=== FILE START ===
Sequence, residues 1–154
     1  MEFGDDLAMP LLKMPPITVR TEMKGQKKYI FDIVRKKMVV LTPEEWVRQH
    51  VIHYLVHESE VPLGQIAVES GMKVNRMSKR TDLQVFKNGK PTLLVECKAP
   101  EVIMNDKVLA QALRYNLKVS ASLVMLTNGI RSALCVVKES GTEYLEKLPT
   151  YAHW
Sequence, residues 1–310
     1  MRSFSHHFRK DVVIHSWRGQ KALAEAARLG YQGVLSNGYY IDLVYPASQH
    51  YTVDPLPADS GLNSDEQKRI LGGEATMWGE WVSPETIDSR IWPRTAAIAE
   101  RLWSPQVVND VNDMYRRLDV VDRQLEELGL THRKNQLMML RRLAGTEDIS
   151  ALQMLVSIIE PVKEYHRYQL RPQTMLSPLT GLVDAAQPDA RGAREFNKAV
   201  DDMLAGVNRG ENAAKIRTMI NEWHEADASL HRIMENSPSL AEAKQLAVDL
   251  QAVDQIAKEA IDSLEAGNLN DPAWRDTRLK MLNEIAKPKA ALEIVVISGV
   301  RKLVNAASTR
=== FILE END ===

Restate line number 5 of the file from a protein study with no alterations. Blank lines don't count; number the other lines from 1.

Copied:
   151  YAHW